Just about everyone looks for online reviews before making a purchase these days, and a recent Nielsen study revealed that 66% of people actually trust online product reviews above all other sources and 84% trust them as much as a personal recommendation from a friend.
That’s why Amazon came under fire earlier this year when it was revealed that a large number of reviews on their site were either outright fake or at least heavily influenced by a free or discounted product.
As the holiday shopping season swings into high gear, Amazon is taking steps to fight these fraudulent reviews. Earlier this year, Amazon actually brought legal action against over 1,000 sellers soliciting fake reviews. This week, they introduces new rules that govern “incentivized” reviews and actually started restricting how many “non-verified” reviews a user can leave.
Under Amazon’s new rules, users can leave only five reviews per week on products that they did not purchase on the site (previously, this was unlimited). Any user can still review any product, regardless of whether they purchased it on Amazon or not, but users can’t review products en masse now. This also makes it much more difficult for sellers to purchase reviews from third parties.
In the past, Amazon has allowed their sellers to offer discounted or even completely free products as long as the receiving user left a review, and clearly stated they had received the product at a discount.
A review by ReviewMeta earlier this year discovered that these although these reviews weren’t supposed to be influenced, they actually were, earning about a half star rating higher than non-compensated reviews. While that sounds small, it could easily be the difference in a product reaching the top of their category.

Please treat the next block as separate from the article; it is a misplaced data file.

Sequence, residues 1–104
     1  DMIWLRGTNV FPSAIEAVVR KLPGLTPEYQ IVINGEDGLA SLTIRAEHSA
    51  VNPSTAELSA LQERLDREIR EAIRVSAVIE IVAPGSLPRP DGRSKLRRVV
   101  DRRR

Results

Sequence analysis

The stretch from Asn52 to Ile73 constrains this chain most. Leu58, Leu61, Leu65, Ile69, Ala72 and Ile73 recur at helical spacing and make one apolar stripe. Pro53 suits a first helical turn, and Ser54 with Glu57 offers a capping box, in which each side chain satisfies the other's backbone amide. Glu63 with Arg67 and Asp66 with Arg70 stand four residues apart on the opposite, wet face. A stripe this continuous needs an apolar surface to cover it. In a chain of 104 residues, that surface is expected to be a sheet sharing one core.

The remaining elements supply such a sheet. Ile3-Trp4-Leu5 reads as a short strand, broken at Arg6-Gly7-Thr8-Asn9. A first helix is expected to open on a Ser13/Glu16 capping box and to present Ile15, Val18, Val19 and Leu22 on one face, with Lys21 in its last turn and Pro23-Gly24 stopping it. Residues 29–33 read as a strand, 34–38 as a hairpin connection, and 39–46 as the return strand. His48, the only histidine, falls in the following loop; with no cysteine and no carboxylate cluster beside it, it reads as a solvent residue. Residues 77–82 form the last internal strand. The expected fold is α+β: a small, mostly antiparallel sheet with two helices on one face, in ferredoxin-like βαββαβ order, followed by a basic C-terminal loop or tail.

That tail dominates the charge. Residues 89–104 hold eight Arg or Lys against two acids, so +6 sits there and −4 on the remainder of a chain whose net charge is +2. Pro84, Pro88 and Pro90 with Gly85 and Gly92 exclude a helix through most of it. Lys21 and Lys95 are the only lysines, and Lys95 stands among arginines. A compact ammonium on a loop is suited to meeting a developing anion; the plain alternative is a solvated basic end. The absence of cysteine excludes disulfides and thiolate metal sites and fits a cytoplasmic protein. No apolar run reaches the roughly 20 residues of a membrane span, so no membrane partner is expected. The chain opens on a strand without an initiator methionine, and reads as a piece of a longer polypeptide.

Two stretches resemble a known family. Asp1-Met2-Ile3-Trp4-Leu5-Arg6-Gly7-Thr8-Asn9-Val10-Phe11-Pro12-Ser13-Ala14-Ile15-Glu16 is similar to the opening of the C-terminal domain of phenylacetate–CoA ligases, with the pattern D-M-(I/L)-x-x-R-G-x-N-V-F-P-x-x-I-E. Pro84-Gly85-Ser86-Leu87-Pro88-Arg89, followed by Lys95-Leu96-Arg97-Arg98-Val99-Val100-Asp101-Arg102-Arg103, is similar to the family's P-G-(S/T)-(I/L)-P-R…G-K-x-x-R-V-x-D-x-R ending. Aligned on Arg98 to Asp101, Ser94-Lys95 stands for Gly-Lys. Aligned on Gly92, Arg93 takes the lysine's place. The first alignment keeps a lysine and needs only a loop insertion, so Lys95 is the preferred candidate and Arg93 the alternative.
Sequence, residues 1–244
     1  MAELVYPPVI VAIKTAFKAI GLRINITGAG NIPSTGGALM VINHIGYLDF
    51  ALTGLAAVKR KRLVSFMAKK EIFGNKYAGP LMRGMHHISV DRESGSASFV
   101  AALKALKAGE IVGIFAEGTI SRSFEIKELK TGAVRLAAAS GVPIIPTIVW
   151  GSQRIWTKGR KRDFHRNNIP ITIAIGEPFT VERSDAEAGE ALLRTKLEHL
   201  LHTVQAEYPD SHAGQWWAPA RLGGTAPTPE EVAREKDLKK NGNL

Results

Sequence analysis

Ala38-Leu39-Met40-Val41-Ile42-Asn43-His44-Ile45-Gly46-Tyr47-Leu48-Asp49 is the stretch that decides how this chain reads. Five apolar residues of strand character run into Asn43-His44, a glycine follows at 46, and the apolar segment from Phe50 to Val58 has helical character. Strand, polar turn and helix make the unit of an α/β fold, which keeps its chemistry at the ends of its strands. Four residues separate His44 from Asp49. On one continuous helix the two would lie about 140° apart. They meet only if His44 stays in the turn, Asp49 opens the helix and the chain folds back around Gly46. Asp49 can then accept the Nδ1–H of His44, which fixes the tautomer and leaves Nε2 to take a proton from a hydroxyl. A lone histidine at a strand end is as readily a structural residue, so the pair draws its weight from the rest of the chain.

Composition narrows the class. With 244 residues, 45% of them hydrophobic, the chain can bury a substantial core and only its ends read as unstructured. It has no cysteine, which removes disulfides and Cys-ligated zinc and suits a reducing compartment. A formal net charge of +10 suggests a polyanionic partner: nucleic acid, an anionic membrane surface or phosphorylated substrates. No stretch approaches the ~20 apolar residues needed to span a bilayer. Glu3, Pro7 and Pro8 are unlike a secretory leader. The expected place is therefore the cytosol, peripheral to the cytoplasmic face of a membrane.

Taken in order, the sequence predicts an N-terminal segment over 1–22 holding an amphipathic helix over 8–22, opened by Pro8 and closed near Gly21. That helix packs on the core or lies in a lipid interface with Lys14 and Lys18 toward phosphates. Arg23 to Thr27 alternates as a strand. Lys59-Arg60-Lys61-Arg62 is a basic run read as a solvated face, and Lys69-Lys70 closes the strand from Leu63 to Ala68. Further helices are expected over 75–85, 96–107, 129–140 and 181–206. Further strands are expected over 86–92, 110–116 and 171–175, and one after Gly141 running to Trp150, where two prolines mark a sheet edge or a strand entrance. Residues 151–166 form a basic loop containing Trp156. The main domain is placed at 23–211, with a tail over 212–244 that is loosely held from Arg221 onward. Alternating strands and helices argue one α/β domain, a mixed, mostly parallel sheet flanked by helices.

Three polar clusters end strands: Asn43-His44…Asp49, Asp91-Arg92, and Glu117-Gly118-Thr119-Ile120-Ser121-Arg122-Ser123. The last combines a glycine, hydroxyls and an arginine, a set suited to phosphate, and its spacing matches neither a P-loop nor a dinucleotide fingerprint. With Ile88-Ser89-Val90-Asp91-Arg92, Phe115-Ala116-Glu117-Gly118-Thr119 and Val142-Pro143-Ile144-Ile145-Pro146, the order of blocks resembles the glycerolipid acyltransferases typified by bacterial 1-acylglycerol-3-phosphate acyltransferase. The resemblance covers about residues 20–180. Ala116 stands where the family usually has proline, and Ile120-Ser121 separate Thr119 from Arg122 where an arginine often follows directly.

As a result of their findings, Amazon has now said they’ll remove compensated reviews if they appear to be “excessive.” Over half a million reviews have been removed from Amazon in the last few months, with more than 70% being incentivized.
Amazon’s goal in all of this was to ensure that their users can trust the reviews they find on the site. By taking away fake reviews, they makes sure that things stay fair to all sellers. This makes a seller’s job a little more difficult, but it’s a good thing for a seller who has a genuinely good product.
But fake reviews don’t just pose a risk to unknowing consumers, they can also hurt honest merchants who aren’t buying reviews. Fraudulent reviews can propel products to the top, giving them greater visibility and sales than competing products.
In a Reddit post that went viral, one independent author whose book sales were slagging due to a competing author allegedly using fake reviews detailed the problems this behavior creates for those doing business honestly.
For Amazon sellers, the quick route to higher visibility and top ratings via incentivized or purchased reviews is no longer feasible. As a result, new products could take longer to become popular and climb through the Amazon best seller lists. It may also be harder to build sales momentum.
There’s no more “fast track” to high visibility for Amazon sellers, which means that someone with a new product may have a hard time climbing the ladder and build momentum. But ultimately, this means that Amazon as a whole is a little more trustworthy.
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